Technical Notes

Looking at the daily chart for July K.C. Wheat, we notice prices attempting to form a near-term bottom after a nearly $1 per bushel price decline the past several sessions. Trading volume has declined since the start of May, as it appears that long liquidation selling and not the establishment of bearish positions that has been the main catalyst behind the recent price decline. Prices are sandwiched between the 20 and 200-day moving averages, but are currently hovering below the up-trend line drawn from the early February lows. The 14-day RSI has turned neutral to weak with a current reading of 42.08. 759.00 is seen as the next near-term support level for July K.C. Wheat, with near-term resistance seen at 794.50.

Mike Zarembski, Senior Commodity Analyst


May 23, 2014

Will the Pound Sterling Shine Bright in 2014

Friday, May 23, 2014

Although the British Pound has strengthened vs. the U.S. Dollar the past 12 months, the rally in the Pound Sterling still has its roadblocks. On Thursday, first quarter GDP readings came in at +0.8%, which was unchanged from the initial forecast. This disappointed traders who were expecting a gain of 0.9. In addition, net-borrowing in April rose to 11.5 billion pounds, up from 9.5 billion pounds in April 2013. So while the uptrend is still intact, Pound bulls may become nervous and a correction is possible, unless the market continues to receive "positive" economic news on the U.K. economy.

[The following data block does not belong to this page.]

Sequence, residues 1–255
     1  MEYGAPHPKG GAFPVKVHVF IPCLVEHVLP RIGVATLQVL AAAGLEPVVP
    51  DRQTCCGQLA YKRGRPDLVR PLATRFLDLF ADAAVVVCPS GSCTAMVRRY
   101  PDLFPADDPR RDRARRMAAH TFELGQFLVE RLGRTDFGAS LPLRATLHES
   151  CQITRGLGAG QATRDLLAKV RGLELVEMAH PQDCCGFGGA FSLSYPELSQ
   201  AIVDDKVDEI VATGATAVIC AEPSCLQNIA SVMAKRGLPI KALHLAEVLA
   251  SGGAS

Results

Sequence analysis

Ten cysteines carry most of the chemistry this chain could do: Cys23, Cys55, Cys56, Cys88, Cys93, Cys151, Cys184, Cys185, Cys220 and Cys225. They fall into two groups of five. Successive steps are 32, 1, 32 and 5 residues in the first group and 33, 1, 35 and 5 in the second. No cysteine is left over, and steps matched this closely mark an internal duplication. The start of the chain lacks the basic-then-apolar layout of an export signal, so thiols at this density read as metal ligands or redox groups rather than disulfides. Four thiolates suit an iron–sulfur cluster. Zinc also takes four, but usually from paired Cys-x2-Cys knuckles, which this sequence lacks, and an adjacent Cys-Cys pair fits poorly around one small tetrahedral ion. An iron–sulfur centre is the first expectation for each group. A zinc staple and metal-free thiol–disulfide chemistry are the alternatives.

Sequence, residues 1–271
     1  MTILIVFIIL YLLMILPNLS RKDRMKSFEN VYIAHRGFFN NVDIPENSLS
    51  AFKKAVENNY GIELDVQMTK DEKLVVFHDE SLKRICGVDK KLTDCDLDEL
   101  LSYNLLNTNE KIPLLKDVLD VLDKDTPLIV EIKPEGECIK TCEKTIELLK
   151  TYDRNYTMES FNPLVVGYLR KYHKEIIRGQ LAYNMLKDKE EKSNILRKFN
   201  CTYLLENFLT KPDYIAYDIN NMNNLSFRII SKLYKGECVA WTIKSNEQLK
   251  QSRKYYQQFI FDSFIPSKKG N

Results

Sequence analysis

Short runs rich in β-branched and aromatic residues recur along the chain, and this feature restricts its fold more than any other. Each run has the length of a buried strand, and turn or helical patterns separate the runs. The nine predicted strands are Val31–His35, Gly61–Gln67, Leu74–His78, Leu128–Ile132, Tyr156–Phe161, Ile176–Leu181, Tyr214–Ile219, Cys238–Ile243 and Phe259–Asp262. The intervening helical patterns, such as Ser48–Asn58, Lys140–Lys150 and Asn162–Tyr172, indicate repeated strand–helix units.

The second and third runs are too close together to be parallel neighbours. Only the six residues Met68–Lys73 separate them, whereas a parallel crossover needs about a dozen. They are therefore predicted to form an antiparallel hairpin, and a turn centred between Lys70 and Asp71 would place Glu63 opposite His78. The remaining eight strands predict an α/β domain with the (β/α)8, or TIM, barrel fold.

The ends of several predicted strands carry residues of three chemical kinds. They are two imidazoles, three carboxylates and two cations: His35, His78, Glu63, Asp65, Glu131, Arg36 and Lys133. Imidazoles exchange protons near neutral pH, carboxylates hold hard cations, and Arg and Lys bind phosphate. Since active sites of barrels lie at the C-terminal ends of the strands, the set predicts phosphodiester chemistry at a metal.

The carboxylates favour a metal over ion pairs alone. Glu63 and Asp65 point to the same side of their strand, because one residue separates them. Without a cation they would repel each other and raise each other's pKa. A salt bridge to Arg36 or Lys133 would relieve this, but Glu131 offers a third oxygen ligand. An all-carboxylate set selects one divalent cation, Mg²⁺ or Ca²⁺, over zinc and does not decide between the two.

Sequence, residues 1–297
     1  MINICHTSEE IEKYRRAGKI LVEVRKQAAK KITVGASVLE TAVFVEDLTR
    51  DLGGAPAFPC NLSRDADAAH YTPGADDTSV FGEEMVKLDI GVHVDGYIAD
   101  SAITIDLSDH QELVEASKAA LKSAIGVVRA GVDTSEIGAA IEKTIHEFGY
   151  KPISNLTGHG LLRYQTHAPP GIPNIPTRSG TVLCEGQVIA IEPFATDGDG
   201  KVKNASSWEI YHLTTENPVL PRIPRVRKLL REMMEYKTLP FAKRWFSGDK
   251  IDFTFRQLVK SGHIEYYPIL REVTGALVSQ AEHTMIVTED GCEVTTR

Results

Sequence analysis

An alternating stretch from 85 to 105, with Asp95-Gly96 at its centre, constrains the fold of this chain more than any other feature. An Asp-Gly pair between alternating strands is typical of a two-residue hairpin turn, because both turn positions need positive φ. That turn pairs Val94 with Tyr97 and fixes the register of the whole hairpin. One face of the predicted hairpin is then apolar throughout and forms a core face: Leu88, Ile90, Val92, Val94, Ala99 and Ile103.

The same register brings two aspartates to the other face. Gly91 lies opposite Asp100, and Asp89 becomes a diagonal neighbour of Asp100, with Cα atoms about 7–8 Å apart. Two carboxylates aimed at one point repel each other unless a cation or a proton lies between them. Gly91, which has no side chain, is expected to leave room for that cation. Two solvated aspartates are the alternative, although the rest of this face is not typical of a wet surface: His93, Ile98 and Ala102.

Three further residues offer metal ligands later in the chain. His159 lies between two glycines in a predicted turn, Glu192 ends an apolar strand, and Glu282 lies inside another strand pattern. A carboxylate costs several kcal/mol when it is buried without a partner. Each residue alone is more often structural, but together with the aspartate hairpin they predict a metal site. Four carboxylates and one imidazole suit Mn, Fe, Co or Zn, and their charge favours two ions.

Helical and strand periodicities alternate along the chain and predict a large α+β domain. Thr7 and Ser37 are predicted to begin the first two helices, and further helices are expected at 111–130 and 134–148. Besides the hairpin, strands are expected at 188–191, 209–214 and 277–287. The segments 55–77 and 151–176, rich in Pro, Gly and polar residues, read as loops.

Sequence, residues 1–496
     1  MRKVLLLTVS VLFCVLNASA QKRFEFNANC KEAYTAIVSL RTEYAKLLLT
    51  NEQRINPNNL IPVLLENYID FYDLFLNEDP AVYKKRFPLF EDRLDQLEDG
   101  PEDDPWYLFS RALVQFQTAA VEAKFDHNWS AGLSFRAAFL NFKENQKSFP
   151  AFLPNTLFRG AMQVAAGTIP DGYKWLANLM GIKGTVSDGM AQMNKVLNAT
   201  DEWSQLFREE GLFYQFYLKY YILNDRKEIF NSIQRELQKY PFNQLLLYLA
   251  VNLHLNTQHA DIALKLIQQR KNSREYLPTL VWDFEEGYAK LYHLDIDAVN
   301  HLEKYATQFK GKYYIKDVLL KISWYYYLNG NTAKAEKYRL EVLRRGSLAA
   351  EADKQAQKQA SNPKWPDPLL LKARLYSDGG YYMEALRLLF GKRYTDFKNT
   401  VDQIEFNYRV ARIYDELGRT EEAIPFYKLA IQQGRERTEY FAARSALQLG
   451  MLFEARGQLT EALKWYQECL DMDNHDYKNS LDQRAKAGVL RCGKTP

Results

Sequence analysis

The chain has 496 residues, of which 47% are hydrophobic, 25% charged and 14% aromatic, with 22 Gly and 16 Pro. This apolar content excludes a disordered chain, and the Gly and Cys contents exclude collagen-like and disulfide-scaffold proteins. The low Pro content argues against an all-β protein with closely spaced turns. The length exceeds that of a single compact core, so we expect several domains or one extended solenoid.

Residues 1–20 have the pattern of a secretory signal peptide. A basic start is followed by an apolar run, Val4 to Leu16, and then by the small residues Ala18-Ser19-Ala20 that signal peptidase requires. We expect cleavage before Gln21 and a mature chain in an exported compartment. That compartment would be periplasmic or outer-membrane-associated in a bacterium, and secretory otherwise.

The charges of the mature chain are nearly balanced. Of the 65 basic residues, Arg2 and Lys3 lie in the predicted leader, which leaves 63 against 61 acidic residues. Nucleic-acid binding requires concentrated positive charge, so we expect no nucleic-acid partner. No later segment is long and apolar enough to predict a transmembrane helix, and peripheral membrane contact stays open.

Fundamentals

Are "hawks" starting to hatch at the Bank of England (BOE)? That is a question currency traders are beginning to ask, as the value of the British Pound is continuing to increase versus the U.S. Dollar. It appears that the UK economy is recovering faster than its European neighbors, with the BOE raising its Q2 growth forecast to 0.9% from 0.8% in Q1. This growth forecast received a boost from a larger than expected rise in retail sales in April, a 1.3% gain for the month, which was well above expectations of a 0.4% gain. Recently released minutes from the last BOE monetary policy meeting showed some members of the Monetary Policy Committee believe that interest rates may need to rise, but at a very gradual rate. This view has sparked talk that the BOE will begin to raise rates earlier than the market expected, which was for a start sometime in the first quarter of 2015. Committee members expect U.K. inflation to rise closer to 2% in the coming months, although a stronger Pound may help to dampen rising inflationary concerns. UK property values continue to rise sharply, which may force the BOE to take action to help "cool" the red-hot property market.

Technical Notes

Looking at the daily continuation chart for British Pound futures, we notice prices steadily climbing the past 12 month, although recent price action seems to be testing the uptrend line drawn from the July 2013 lows. Trading volume has been light the past several weeks, as it appears that fresh buying is not materializing in any meaningful way. The 14-day RSI has turned neutral, with a current reading of 53.95. 1.6992 is seen as the next resistance level for the Pound futures, with support found at 1.6727.

Mike Zarembski, Senior Commodity Analyst

May 27, 2014

Will New "Ghost" Acres Appear for Soybeans?

Tuesday May 27, 2014